The big trend in promoting comics has been taking a series or issue and turning it into a “Motion Comic”.Â This is where the art is scanned or imported into a motion graphics application like Adobe After Effects, and then manipulated to give the illusion you are watching an animated feature.Â I’ve seen some really good stuff, and I’ve seen some absolute drek.
The latest comic to get the treatment is the old Batman: Black and White series from DC Comics.Â I’ve watched the trailer and it does look pretty good, and will more than likely check out the ten episode series.
Complete press release and trailer after the jump.
Warner Premiere and Warner Bros. Digital Distribution announced the acclaimed graphic album â€œBatman: Black & Whiteâ€ debuted today as a Warmer Premiere Motion Comics series. Available exclusively on iTunes and coming soon to other distribution channels including Amazon Video On Demand and Verizon Wireless VCAST, â€œBatman: Black and Whiteâ€ Motion Comics features 10 stories created by comic book legends that include Alex Ross, Dave Gibbons, Ted McKeever, Paul Levitz and others. The stories are available on iTunes as five episodes of two shorts each and can be purchased and downloaded for $0.99 per episode.
In addition, comic book fans can download a free podcast, also available on iTunes (http://tinyurl.com/batman-b-w-motion-comic), featuring â€œBatman: Black & Whiteâ€ illustrator Alex Ross. Hosted by John Siuntres of the popular Wordballoon comic book podcast, Alex discusses Motion Comics, his work on the best-selling series and his current projects.
Warner Premiereâ€™s Motion Comics are a new way for comic fans to connect with their favorite characters and the stories they know and love through short-form digital content. The Motion Comics slate draws on a deep reservoir of source material to bring a new visually engaging experience to life through the use of subtle movements, voice-overs, sweeping music scores and stunning comic book artwork.
â€œBatman: Black & White is one of the most visually stunning graphic albums created and weâ€™re delighted to bring it our expanding Motion Comics slate,â€ said Diane Nelson, President, Warner Premiere. â€œOur production team worked closely with DC Comics to ensure the rich artwork and story of the original creators are as authentic as possible.â€
A new addition to the Warner Premiere Motion Comics slate, â€œBatman: Black & Whiteâ€ is taken from three award-winning volumes of short stories starring the Caped Crusader. Animated by Sequence Post Studios, the Motion Comics reflect the original and diverse visions of various artists and writers as they tell stories in the now-infamous world of Gotham City.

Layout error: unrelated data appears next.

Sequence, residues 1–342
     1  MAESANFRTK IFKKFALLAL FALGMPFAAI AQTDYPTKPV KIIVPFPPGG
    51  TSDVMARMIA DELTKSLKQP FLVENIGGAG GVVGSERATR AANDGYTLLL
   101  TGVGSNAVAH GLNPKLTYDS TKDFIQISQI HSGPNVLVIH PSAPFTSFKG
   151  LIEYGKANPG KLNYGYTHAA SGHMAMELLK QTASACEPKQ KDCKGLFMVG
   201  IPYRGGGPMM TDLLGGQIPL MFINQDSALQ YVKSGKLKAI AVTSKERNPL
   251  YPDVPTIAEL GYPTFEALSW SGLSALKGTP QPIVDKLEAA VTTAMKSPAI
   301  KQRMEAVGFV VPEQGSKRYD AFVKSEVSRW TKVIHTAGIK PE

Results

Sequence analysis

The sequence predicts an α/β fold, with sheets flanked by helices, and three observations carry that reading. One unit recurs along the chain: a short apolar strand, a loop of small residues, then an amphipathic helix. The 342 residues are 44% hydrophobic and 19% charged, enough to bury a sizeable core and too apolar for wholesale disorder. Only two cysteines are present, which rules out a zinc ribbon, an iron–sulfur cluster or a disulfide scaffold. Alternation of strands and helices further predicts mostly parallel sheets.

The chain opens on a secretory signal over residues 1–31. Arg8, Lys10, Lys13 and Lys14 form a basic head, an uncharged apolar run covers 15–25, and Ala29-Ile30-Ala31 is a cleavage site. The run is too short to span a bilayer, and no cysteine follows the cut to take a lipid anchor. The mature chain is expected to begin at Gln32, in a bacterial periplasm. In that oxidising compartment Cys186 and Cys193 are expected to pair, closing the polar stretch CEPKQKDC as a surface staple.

The â€œBatman: Black & Whiteâ€ stories range in theme from the unsettling drama of solving a brutal murder to the light comedy of fighting bad guys with a broken nose. These short episodes also touch on elements of romance, mystery and even the supernatural. And like any exciting Batman story, classic villains such as The Joker, Harley Quinn and Two-Face make heralded appearances. Itâ€™s Batman as seen through the prism of some of todayâ€™s most eloquent graphic artists and writers.
â€œBatman: Black & Whiteâ€ Motion Comics features ten engaging shorts:
- “Here Be Monsters” – Written by Paul Grist, art by Darwyn Cooke
Madame X, attempting to poison Gotham’s water supply, doses Batman with a strange toxin causing him to hallucinate and see everyone around him as monstrous villains.
- “Broken Nose” – By Paul Pope
Alfred treats Batman for the first broken nose of his illustrious career, right before the Caped Crusader has to go out and confront the metallic-armored Mabuse in a furious fist fight.
- â€œTwo of a Kindâ€ – By Bruce Timm
Two-Face has his face reconstructed and is seemingly rehabilitated, but is tempted back to the dark side by a femme fatale.
- “Case Study” – Written by Paul Dini, art by Alex Ross
The Arkham Asylum staff discusses the origins and dubious sanity of The Joker.
- â€œThe Black and White Bandit” – By Dave Gibbons
A painter who has lost his sense of color due to toxic paint fumes exacts his revenge in a series of black-and-white themed crimes, where everything he steals has a black-and-white motif.
- â€œPunchlineâ€ – Written by Doug Alexander, art by Rob Haynes
Told silently, Harley Quinn attempts to trick another criminal out of their ill-gotten gains by inspiring the fear of Batman in them.Â Her attempts to mimic the Caped Crusader, however, cannot match up to the man himself.
- â€œGood Evening Midnightâ€ – By Klaus Janson
As Batman embarks on a dangerous assignment on his birthday, Alfred reads a note Bruce’s father had written long ago for his son which echoes the future for Batman.
- “Hide and Seek” – Written by Paul Levitz, art by Paul Rivoche
At the scene of a train wreck which may well be the result of malice rather than an accident, Batman seizes on the smallest of clues to follow someone’s trail through the train system and up into the light. Here he finds a small boy and reassures him that he is now safe, telling him that he knows what it’s like to be young and lost.
- “Night After Night” – Written by Kelley Puckett, art by Tim Sale
Bruce Wayne canâ€™t shake the nightmares he has night after nightÂ that recall how his parents were killed, and uses the anger from it to fuel his crime fighting against the likes of The Joker.
- â€œPerpetual Mourning” – By Ted McKeever
In this Eisner Award nominated story, Batman conducts an autopsy on a murder victim to help find her killer.